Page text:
Photo by Melody

PlantFiles: Egyptian Grass
Dactyloctenium aegyptium

Family: Poaceae (poh-AY-see-ee) (Info)
Genus: Dactyloctenium (dak-ty-lok-TEE-nee-um) (Info)
Species: aegyptium

Ornamental Grasses and Bamboo

Unknown - Tell us

Unknown - Tell us

USDA Zone 5a: to -28.8 C (-20 F)
USDA Zone 5b: to -26.1 C (-15 F)
USDA Zone 6a: to -23.3 C (-10 F)
USDA Zone 6b: to -20.5 C (-5 F)
USDA Zone 7a: to -17.7 C (0 F)
USDA Zone 7b: to -14.9 C (5 F)
USDA Zone 8a: to -12.2 C (10 F)
USDA Zone 8b: to -9.4 C (15 F)
USDA Zone 9a: to -6.6 C (20 F)
USDA Zone 9b: to -3.8 C (25 F)
USDA Zone 10a: to -1.1 C (30 F)
USDA Zone 10b: to 1.7 C (35 F)
USDA Zone 11: above 4.5 C (40 F)

Sun Exposure:
Full Sun
Sun to Partial Shade
Light Shade

Unknown - Tell us

Bloom Color:
Unknown - Tell us

Bloom Time:
Unknown - Tell us

Unknown - Tell us

Other details:
May be a noxious weed or invasive

Soil pH requirements:
Unknown - Tell us

Patent Information:

Propagation Methods:
Unknown - Tell us

Seed Collecting:
Unknown - Tell us

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No positives
No neutrals
3 negatives

Gardeners' Notes:

Negative jnana On Jul 26, 2005, jnana from South Florida, FL (Zone 10b) wrote:

Horrible stuff can't get rid of it. I have tried and tried with no luck.

Negative Happy_1 On Jun 6, 2005, Happy_1 from Chicago, IL (Zone 5b) wrote:

What's worse than a negative comment here? It grows out of my lake and on to my dog....UGH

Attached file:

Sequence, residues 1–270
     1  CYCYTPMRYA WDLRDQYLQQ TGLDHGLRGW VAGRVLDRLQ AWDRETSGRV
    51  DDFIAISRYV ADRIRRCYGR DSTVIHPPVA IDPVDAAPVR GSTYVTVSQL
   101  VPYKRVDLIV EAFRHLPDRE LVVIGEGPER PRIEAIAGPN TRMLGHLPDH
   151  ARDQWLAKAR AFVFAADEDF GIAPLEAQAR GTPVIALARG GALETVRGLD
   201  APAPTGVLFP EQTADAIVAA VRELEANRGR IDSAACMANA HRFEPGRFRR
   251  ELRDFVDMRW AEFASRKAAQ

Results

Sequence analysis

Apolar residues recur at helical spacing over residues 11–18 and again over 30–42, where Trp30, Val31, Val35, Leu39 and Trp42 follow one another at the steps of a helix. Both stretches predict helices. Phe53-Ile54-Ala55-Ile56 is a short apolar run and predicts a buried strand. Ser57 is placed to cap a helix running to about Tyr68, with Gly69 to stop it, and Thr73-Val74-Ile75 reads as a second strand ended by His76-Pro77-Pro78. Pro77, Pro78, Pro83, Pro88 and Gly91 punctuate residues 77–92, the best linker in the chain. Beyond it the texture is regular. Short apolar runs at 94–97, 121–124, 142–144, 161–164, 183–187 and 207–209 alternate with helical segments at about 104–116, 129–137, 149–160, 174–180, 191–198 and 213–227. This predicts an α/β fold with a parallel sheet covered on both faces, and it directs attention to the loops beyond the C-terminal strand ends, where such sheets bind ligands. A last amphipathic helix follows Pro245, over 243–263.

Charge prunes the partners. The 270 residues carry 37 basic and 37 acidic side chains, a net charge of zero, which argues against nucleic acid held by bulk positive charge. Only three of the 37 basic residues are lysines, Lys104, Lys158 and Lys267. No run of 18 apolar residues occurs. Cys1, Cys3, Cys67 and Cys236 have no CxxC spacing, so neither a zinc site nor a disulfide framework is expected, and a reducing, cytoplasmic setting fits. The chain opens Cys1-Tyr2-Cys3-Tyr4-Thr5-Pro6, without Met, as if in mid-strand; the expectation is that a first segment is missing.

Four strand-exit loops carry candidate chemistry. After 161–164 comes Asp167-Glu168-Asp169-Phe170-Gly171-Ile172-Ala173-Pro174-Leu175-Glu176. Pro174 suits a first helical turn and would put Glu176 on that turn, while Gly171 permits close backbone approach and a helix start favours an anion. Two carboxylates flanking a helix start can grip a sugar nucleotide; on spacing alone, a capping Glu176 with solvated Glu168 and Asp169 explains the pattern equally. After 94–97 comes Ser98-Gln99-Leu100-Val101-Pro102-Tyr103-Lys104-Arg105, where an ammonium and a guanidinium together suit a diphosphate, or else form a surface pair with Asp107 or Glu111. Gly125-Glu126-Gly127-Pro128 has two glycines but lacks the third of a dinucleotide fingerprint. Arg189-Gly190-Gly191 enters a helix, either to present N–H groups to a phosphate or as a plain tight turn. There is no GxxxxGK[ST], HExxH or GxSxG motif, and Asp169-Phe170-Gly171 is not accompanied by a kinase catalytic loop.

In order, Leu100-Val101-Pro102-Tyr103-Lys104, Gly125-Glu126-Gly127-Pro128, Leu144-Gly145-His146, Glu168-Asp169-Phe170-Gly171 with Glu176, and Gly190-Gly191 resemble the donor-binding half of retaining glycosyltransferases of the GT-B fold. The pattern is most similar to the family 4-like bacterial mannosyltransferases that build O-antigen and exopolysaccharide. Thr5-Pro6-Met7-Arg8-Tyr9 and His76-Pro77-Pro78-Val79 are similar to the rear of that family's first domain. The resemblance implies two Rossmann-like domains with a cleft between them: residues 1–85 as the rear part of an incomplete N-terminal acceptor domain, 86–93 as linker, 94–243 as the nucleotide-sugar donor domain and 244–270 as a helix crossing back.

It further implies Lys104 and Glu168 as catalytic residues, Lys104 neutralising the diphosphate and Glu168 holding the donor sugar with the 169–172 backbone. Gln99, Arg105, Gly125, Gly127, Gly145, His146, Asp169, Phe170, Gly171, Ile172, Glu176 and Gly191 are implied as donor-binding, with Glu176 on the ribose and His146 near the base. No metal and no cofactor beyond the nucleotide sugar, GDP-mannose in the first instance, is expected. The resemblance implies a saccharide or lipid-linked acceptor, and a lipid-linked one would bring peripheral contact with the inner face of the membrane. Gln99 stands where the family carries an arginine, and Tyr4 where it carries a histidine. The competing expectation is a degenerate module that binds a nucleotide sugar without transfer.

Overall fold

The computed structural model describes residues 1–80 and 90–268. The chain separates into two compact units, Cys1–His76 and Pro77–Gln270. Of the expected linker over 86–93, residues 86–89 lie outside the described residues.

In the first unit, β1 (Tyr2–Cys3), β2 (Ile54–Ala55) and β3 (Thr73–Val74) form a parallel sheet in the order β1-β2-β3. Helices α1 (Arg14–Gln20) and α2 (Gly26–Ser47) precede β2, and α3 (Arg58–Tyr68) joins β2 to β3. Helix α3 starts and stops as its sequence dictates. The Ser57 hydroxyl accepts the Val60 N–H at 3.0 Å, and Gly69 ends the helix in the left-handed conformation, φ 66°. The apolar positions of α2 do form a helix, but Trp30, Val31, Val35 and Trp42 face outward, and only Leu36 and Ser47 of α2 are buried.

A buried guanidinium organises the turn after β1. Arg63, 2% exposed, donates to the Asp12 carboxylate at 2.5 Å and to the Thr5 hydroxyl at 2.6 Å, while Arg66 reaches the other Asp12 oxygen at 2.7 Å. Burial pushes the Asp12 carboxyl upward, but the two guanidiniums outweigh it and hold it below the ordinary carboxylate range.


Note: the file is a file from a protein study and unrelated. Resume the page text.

Negative NativePlantFan9 On Feb 27, 2005, NativePlantFan9 from Boca Raton, FL (Zone 10a) wrote:

Egyptian Grass or Durban Crowfootgrass (Dactyloctenium aegyptium) is an extremely invasive, hard-to-get-rid-of, non-native grass in the central and southern United States, south throughout Florida. It is annoying, invades lawns, is unattractive and also invades natural habitats from full sun to light or medium shade. It is given one of it's common names, Durban Crowfootgrass, due to the star-shaped, pointed sharp seedheads, which resemble an outspread crow's foot. They can be painful to tread on due to the spines at the ends of the 'feet' and the curved-back spines which cover the seedheads.

This is an annual, seasonal, weedy grass that grows in zones 5a through 11. It invades many types of habitats, especially dry, sandy habitats or exposed dry habitats such as disturbed sites, vacant lots, fields, lawns, and roadsides and weedy sites. It can also invade somewhat moist sites. It also invades coastal sites such as dunes, coastal grasslands, coastal scrub and beaches.

It is nearly impossible to get rid of once established and SHOULD NOT BE PLANTED! It can become SUCH A PEST ON YOUR LAWN!

It is a major pest throughout Florida in lawns and on roadsides and medians as well as in many varied open sites, in sun or down to medium shade.


This plant has been said to grow in the following regions:

Boca Raton, Florida
Eustis, Florida
Fort Lauderdale, Florida
Hollywood, Florida
Lakeland, Florida
Sebring, Florida

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